Unsurprisingly, people are less than impressed that Disney's first "African" princess will actually be a white, American girl. Once again, in spectacular fashion, people of colour are relegated to the sidelines in a tale to be set in their own continen

Let's be real. Despite all the effusive claims to feminism of Frozen and Brave, being a princess is still overwhelmingly a white girl's vocation. And little white girls are still being raised to think that being a princess is the pinnacle of feminine achievement. Never mind that the reality for actual princess of times past is far removed from the romantic notion we have of pampered layabouts. They were property. Bought and sold and married off like so much chattel.

There is also something vaguely obscene about attempting to introduce a new kingdom in a time where it is getting close to impossible to justify the royal families we already have.

Heaton has deflected criticism, claiming what he is doing is the "opposite of colonialism" because colonialism is "one country taking control of another to exploit its resources or people. What we're doing is designed to improve peoples' lives."

By this, Heaton means he intends to build a state-of-the-art agricultural research centre (which he modestly refers to as a modern-day Noah's Ark), where he is hoping to house more than 1,000 scientists to advance water conservation and agricultural science methods. Where he plans to get the $2bn (US) he expects the project to cost is anyone's guess.

While some of his plans are certainly laudable, someone needs to inform Heaton that colonialism isn't just about war, slavery, appropriation of land and resources, and genocide (although it is, of course, all those things no matter how the west still likes to sugar-coat its own violent history).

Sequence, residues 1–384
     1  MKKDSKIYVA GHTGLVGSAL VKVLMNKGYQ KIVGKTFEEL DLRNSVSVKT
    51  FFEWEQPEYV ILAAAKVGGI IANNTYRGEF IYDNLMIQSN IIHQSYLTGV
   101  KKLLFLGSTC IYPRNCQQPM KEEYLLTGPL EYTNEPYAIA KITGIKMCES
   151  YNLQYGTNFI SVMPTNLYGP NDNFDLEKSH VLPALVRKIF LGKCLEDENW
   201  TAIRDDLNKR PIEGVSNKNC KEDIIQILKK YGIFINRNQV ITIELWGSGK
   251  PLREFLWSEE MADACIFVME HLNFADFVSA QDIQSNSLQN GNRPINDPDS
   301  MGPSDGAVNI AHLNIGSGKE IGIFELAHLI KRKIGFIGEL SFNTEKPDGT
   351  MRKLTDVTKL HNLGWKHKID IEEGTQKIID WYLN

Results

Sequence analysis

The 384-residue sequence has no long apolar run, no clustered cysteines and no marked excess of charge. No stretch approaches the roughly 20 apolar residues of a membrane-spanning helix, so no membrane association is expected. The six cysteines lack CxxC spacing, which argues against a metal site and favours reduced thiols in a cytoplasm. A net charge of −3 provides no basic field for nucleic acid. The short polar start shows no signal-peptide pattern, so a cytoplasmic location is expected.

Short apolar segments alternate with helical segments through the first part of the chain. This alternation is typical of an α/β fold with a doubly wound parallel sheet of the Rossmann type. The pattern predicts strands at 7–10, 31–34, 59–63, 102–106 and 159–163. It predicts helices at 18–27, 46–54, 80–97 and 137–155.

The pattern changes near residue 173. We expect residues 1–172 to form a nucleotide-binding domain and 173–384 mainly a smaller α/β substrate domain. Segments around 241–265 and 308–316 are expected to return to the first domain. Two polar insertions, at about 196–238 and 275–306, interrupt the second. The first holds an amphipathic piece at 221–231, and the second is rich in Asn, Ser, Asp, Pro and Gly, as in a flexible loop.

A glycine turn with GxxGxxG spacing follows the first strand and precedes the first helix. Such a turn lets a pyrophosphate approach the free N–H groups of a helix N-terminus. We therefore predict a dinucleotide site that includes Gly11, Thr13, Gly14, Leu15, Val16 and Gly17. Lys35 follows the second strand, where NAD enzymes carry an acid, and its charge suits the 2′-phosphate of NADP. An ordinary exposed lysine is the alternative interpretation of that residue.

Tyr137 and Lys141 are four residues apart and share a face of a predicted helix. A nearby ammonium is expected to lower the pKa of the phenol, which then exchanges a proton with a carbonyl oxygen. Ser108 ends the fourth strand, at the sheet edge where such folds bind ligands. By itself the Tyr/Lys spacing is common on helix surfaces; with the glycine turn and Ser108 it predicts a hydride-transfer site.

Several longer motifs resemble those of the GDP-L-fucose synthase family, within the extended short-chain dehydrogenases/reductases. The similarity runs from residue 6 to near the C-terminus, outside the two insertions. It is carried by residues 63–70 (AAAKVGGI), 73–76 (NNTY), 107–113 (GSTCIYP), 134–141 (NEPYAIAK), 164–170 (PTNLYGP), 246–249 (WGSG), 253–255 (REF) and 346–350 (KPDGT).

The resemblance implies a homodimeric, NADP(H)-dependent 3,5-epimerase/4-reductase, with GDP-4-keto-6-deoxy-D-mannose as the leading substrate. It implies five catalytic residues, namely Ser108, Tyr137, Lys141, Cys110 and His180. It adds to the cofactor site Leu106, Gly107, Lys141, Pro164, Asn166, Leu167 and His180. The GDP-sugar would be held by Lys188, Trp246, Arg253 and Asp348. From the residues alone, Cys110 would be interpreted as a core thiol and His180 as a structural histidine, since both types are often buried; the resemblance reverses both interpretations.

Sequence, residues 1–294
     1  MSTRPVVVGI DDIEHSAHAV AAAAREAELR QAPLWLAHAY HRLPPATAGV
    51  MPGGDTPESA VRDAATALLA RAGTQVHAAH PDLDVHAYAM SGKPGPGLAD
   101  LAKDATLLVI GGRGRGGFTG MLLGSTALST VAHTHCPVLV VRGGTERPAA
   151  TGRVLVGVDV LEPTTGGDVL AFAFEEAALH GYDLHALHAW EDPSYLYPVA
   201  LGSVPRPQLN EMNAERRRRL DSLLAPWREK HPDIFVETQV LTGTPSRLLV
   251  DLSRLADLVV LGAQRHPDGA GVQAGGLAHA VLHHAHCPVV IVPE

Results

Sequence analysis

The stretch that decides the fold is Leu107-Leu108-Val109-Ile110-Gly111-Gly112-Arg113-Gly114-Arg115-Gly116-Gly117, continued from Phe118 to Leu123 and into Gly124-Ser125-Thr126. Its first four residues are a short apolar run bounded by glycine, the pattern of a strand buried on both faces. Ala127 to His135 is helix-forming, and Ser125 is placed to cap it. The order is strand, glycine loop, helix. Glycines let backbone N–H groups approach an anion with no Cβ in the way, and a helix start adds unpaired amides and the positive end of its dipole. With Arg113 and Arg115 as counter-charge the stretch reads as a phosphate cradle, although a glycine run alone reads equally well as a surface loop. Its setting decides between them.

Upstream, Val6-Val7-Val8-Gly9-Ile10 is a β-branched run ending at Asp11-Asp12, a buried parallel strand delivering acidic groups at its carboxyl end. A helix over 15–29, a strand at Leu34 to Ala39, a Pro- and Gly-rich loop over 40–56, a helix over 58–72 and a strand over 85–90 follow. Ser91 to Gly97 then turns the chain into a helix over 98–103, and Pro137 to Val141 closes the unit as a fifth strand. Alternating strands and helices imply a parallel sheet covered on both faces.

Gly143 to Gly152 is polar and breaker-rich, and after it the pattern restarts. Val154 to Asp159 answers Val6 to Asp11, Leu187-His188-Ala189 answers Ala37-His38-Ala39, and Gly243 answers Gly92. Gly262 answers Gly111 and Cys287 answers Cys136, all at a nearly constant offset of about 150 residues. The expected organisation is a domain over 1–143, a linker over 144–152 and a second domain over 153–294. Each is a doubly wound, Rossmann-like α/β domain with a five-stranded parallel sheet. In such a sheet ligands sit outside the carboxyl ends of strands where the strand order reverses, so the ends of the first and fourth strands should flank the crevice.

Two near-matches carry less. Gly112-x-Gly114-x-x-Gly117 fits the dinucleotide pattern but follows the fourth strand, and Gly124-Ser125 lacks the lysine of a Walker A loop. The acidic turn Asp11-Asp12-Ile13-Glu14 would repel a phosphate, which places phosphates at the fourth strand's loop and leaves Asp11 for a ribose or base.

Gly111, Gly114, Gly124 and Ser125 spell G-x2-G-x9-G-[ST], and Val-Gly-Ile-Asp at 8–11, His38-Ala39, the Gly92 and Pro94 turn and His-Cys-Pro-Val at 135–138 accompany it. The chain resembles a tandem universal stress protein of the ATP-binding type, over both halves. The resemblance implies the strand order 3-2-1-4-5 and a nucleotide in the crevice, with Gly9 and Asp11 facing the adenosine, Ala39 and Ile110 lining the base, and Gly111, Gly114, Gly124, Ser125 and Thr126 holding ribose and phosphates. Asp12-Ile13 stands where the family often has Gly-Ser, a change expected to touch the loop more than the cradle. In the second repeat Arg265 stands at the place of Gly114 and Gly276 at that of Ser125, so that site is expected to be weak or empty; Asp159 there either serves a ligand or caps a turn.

The essence of colonialism is the still-existent notion that white people are entitled to whatever they want. That this world is their oyster and the rest of us are either inconveniences to be swept aside or objects of pity to be "saved."

There is no other way to put this. This is not okay. A white man claiming a piece of a land in the very continent that has been ravaged by colonialism arguably more than any other, and which still bears the scars and open wounds to prove it, and proclaiming his family its royal rulers is an obscene display of white entitlement and privilege.

It is also the continuation of a legacy that has seen every corner of the globe upended in the insatiable pursuit of white men to own and profit from every slice of land they can.

It is beyond time the west acknowledged its true history. The wealth, the scientific advancements, the freedoms, and the luxuries: all of these have largely been the fruits of the profits of colonialist expansion.

We cannot change history but we can recognise it. And, at the very least, we can leave some of its more objectionable excesses –including crowning white people royal rulers of the very land they have stolen- in the past where they belong.